F1 Grand Prix of USA

F1 Primer: The tracks

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There are 19 races on the 2013 F1 schedule from Austin to Abu Dhabi. Here are some of the highlights.

The fastest: Monza, Italy

The nearest thing F1 has to an IndyCar or NASCAR-style oval. Built just outside Milan in 1922, Monza is essentially four quick corners connected by long straights, interrupted by three chicanes to slow the cars down.

The latter means the classic slipstreaming races Monza used to see are a thing of the past. But it remains F1’s quickest track. The fastest ever F1 race took place here in 2003, won by Michael Schumacher at an average speed of 153.843mph.

Video: Lap of Monaco with Michael Schumacher in 2003

The longest: Spa-Francorchamps, Belgium

Like Monza, the Spa circuit in the Ardennes forest in Belgium featured in the first ever world championship in 1950. Then an 8.7-mile monster, even in its reduced form the 4.3-mile track remains the longest in F1.

It’s also one of the most popular among the drivers as it is fast and flowing, with few of the many slow corners found on modern tracks. Eau Rouge, Pouhon, Stavelot and Blanchimont are some of the evocative names of the thrillingly fast corners to be found on the track.

The most glamorous: Monte-Carlo, Monaco

Holding a race around the streets of the tiny principality of Monaco is preposterous and marvelous. Were it not for its prestige and heritage there is no way a similar race could be envisaged today.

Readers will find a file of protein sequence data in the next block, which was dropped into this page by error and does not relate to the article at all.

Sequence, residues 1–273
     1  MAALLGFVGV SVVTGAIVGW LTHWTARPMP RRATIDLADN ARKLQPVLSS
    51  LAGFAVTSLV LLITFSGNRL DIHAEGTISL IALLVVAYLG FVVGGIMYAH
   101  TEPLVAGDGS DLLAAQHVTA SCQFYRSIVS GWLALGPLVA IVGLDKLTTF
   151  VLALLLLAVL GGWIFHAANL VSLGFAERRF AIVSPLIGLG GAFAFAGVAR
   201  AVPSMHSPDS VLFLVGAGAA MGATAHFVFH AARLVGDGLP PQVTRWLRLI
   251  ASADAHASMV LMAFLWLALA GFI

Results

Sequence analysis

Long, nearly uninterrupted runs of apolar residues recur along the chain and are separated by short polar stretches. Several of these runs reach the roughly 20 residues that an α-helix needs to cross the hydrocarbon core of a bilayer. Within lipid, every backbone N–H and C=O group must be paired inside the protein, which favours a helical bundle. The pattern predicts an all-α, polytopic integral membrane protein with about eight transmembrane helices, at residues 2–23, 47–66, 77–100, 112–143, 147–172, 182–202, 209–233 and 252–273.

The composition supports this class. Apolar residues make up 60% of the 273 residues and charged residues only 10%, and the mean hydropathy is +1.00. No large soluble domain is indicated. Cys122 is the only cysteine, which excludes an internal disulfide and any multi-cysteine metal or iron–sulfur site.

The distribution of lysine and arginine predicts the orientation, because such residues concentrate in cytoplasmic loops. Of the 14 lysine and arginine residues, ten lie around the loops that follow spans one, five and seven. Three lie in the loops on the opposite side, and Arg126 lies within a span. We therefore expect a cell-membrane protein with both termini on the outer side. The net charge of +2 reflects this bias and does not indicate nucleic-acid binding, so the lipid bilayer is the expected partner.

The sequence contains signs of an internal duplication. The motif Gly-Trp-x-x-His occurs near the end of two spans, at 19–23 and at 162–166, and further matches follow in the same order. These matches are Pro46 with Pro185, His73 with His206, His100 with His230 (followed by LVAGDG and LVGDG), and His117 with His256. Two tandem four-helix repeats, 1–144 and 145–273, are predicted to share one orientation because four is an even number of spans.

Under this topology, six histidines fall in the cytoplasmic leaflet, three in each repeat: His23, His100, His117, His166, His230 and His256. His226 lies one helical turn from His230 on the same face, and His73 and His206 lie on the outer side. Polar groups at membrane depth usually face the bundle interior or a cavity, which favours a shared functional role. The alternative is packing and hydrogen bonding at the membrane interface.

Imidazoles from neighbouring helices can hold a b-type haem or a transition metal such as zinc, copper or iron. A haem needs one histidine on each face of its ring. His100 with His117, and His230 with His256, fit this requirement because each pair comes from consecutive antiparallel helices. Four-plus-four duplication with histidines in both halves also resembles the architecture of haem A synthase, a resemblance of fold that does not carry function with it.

Monaco generally does not produce great races because overtaking is practically impossible. But its narrow confines are a stern challenge for the drivers and when combined with a sprinkling of rain it’s one of the toughest events in motor racing.

Video: Lap of Monaco with Ralf Schumacher, 2004

The original: Silverstone, Britain

The world championship began at Silverstone in 1950 and although the circuit has been transformed almost beyond recognition since then, it still features some of F1’s quickest and most challenging corners.

Video: Lap of Silverstone with Jenson Button, 2011

The drivers’ favorite: Suzuka Japan

Along with Spa, the sinuous Suzuka circuit with its unique crossover is regularly named by drivers as one of their favorites.

Not just because of the demanding opening sector, the high-speed corners and the enthusiasm of Japan’s fans. But because it is one of a dwindling number of circuits where a mistake is punished by contact with a barrier instead of a long drive through a wasteland of tarmac run-off.

The newest: Circuit of the Americas, USA

The home of the United States Grand Prix was an instant hit when it held its first race last year. The complex opening sector is among its best features – and of course the warm welcome from American fans who’d gone five years without a race of their own.

The rest

The city of Melbourne welcomes the teams to round one. The opening flyaway tour includes Malaysia, China and Bahrain before heading to Europe for the Spanish Grand Prix.

Canada’s Circuit Gilles Villeneuve often provides exciting races. The German Grand Prix returns to the (short) Nurburgring this year.

A hectic sequence of final races begins with the Singapore night race and takes in Korea, India and Abu Dhabi. The United States Grand Prix on November 17th begin a double-header finale which concludes with the Brazilian Grand Prix in the feverish atmosphere of Interlagos in Sao Paulo.

F1 Primer

Vettel, Raikkonen complete hot laps in Ferrari F1 cars at Daytona

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Sebastian Vettel and Kimi Raikkonen enjoyed their final Formula 1 run-outs of 2016 on Sunday at Daytona International Speedway, taking part in a special demonstration for the Ferrari Finali Mondiali.